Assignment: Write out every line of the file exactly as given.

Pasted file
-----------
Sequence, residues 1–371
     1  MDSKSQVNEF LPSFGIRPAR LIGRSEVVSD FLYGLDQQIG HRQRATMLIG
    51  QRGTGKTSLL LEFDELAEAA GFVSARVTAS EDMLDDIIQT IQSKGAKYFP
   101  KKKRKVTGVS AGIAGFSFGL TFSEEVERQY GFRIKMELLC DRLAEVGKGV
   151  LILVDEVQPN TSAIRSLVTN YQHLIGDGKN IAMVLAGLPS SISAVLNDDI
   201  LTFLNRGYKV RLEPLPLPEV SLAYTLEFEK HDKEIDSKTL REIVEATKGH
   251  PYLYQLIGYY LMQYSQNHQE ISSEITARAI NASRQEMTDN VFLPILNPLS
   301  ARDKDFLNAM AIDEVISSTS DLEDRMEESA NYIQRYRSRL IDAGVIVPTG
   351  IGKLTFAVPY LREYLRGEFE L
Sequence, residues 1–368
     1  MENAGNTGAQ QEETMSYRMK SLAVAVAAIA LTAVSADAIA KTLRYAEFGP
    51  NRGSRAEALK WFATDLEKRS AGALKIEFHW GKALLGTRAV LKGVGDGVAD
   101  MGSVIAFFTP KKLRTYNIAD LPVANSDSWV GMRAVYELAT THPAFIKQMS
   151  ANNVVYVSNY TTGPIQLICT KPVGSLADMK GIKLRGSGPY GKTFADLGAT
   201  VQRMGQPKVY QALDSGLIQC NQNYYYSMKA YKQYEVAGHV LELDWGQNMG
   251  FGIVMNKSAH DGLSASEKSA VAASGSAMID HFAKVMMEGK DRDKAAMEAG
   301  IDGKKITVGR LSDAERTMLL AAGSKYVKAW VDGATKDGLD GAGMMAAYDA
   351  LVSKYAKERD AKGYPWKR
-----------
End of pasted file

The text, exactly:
Sequence, residues 1–371
     1  MDSKSQVNEF LPSFGIRPAR LIGRSEVVSD FLYGLDQQIG HRQRATMLIG
    51  QRGTGKTSLL LEFDELAEAA GFVSARVTAS EDMLDDIIQT IQSKGAKYFP
   101  KKKRKVTGVS AGIAGFSFGL TFSEEVERQY GFRIKMELLC DRLAEVGKGV
   151  LILVDEVQPN TSAIRSLVTN YQHLIGDGKN IAMVLAGLPS SISAVLNDDI
   201  LTFLNRGYKV RLEPLPLPEV SLAYTLEFEK HDKEIDSKTL REIVEATKGH
   251  PYLYQLIGYY LMQYSQNHQE ISSEITARAI NASRQEMTDN VFLPILNPLS
   301  ARDKDFLNAM AIDEVISSTS DLEDRMEESA NYIQRYRSRL IDAGVIVPTG
   351  IGKLTFAVPY LREYLRGEFE L
Sequence, residues 1–368
     1  MENAGNTGAQ QEETMSYRMK SLAVAVAAIA LTAVSADAIA KTLRYAEFGP
    51  NRGSRAEALK WFATDLEKRS AGALKIEFHW GKALLGTRAV LKGVGDGVAD
   101  MGSVIAFFTP KKLRTYNIAD LPVANSDSWV GMRAVYELAT THPAFIKQMS
   151  ANNVVYVSNY TTGPIQLICT KPVGSLADMK GIKLRGSGPY GKTFADLGAT
   201  VQRMGQPKVY QALDSGLIQC NQNYYYSMKA YKQYEVAGHV LELDWGQNMG
   251  FGIVMNKSAH DGLSASEKSA VAASGSAMID HFAKVMMEGK DRDKAAMEAG
   301  IDGKKITVGR LSDAERTMLL AAGSKYVKAW VDGATKDGLD GAGMMAAYDA
   351  LVSKYAKERD AKGYPWKR